Like SVPWM, DSVPWM can also be implemented as a (quasi)symmetric method. In a symmetric implementation, the first voltage vector Vm is turned on at the beginning of the switching period. Vm is kept turned on until the flux linkage change equals half the reference Δψm,ref. After this, the second voltage vector Vm+1 is applied and it is kept turned on until the flux linkage change produced by it equals half the reference Δψm,ref. After this, the zero voltage vector V7 is turned on until time Ts/2 has elapsed from the beginning of the switching period. Upon the lapse of Ts/2, Vm+1 is turned on until the remaining half of reference m for flux linkage change has been fulfilled. After that, Vm is turned on and applied until the remaining half of reference Δψm,ref for flux linkage change has been fulfilled. If there is still time left over before Ts, then the zero vector V0 is additionally turned on. This sequence is illustrated in the attached FIG. 3.

Presented in the attachment is a comparison between the performances of SVPWM and the described DSVPWM. FIGS. 4 and 5 represent the torque produced by the motor. The results have been obtained by simulating the operation of a motor drive with both modulation methods so that in both cases the voltage references for both control methods are generated by current vector control. The simulations were performed using a low-capacitance intermediate circuit, so a constant intermediate circuit assumption can no longer be used with a good accuracy. In other respects, the same boundary conditions were applied in the simulations. Thus, the only difference between the two situations is the modulation method. A high value of the inertial mass of the rotor of the motor was used, so the rotational speed could not vary from its set value, which was 0.7 pu.

It can be seen from FIGS. 4 and 5 that the torque produced by SVPWM oscillates badly, whereas DSVPWM is able to produce a more even torque.

Although the example presented above describes the application of the disclosed new modulation method to the modulation of the voltage to be supplied to a motor, the method can also be applied to the modulation of the voltage of a controlled mains bridge. In this case, instead of being converted into a reference for the flux linkage change of the motor, the voltage reference is converted into an imaginary reference for the flux linkage change of the inductor (LAC, FIG. 6) connected between the power supply mains and the bridge. The modulation method now produces at the mains bridge input voltage connection exactly the requested voltage regardless of variations of the intermediate circuit voltage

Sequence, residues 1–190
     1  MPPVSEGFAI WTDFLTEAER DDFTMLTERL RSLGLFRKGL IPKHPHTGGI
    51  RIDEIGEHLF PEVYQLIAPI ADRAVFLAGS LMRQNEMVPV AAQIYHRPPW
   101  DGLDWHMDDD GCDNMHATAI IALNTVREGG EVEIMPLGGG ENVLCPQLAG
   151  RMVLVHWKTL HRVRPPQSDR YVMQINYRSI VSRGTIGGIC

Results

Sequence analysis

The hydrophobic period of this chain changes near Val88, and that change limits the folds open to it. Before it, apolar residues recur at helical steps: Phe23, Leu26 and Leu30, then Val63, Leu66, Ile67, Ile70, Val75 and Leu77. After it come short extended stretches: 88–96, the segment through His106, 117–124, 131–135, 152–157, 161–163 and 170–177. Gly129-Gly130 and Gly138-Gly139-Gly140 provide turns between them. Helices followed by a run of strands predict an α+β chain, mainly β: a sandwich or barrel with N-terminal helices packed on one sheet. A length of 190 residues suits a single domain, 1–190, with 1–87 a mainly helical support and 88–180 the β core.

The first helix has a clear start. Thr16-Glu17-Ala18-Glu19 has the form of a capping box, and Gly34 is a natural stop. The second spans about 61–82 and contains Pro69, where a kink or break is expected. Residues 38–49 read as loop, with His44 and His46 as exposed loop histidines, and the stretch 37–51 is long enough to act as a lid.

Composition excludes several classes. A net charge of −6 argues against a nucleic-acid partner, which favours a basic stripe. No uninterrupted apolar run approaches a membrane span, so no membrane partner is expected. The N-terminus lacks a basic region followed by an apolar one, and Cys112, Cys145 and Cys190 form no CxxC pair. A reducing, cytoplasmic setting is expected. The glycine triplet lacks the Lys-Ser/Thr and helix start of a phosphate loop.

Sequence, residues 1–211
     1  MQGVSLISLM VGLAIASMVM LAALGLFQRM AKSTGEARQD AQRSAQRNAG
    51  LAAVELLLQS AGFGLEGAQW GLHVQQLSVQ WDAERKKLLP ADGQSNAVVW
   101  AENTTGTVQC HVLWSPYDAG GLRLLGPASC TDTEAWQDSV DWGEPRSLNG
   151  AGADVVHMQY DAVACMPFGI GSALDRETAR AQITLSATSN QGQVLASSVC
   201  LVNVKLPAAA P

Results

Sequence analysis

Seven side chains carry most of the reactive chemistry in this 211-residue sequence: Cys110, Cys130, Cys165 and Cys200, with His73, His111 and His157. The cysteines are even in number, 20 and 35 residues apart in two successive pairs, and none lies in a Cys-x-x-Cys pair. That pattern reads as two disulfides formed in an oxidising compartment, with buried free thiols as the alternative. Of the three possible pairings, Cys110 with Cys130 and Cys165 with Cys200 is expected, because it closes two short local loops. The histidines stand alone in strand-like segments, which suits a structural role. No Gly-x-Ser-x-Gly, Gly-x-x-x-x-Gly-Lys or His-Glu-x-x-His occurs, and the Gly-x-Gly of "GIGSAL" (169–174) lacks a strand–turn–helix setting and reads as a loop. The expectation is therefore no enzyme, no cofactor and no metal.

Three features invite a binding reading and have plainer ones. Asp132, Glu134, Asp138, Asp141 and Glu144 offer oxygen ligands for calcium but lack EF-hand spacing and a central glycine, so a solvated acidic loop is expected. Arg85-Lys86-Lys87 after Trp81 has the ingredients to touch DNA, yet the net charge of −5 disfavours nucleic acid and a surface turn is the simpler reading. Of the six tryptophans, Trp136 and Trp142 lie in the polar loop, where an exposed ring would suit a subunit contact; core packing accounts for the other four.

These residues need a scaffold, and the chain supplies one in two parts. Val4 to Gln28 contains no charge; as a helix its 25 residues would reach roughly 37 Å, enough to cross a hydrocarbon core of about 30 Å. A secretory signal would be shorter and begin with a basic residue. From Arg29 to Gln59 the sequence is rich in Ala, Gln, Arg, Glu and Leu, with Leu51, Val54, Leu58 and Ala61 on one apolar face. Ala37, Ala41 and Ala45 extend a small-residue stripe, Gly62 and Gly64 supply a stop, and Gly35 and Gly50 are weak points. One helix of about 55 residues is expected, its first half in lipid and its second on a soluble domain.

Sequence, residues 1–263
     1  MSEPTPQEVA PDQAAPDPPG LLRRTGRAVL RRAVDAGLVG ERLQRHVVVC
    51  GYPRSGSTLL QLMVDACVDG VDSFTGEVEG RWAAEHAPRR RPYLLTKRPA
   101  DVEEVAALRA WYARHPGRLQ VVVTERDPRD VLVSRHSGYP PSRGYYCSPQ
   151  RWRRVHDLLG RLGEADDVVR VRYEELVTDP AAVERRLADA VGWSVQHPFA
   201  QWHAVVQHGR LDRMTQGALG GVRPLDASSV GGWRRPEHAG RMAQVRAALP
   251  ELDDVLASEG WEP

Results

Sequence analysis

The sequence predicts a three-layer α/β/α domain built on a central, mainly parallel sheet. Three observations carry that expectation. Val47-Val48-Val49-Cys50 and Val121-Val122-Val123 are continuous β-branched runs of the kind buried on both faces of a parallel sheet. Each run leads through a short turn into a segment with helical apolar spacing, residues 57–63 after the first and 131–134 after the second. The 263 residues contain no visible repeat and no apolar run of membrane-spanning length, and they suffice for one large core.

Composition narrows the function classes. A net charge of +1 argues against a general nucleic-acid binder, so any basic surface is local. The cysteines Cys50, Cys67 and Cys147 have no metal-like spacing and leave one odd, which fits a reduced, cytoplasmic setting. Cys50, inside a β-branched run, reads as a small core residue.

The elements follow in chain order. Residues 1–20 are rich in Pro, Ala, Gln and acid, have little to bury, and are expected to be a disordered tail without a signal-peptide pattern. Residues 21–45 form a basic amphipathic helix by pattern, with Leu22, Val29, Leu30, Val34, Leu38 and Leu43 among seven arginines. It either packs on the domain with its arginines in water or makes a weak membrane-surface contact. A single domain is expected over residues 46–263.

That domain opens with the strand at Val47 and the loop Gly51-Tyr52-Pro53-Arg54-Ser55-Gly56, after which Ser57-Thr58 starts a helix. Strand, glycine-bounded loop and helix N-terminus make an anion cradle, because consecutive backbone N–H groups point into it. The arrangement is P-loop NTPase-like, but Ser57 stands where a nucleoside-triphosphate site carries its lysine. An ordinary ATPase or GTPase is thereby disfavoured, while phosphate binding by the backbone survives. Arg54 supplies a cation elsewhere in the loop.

It is obvious to the person skilled in the art that different embodiments of the invention are not limited to the example described above, but that they may be varied within the scope of the claims presented below.

Referenced by
Citing PatentFiling datePublication dateApplicantTitle
US7649756 *May 17, 2006Jan 19, 2010Rockwell Automation Technologies, Inc.Common mode noise reduction in converter systems through modification of single phase switching signal
Classifications
U.S. Classification332/109
International ClassificationH02M5/458
Cooperative ClassificationH02M5/4585, H02M2007/53876
European ClassificationH02M5/458B
Legal Events
DateCodeEventDescription
Sep 4, 2014FPAYFee payment
Year of fee payment: 8
Sep 9, 2010FPAYFee payment
Year of fee payment: 4
Aug 26, 2004ASAssignment
Owner name: VACON OYJ, FINLAND
Free format text: ASSIGNMENT OF ASSIGNORS INTEREST;ASSIGNORS:LUUKKO, JULIUS;SAREN, HANNU;REEL/FRAME:015751/0768;SIGNING DATES FROM 20040719 TO 20040726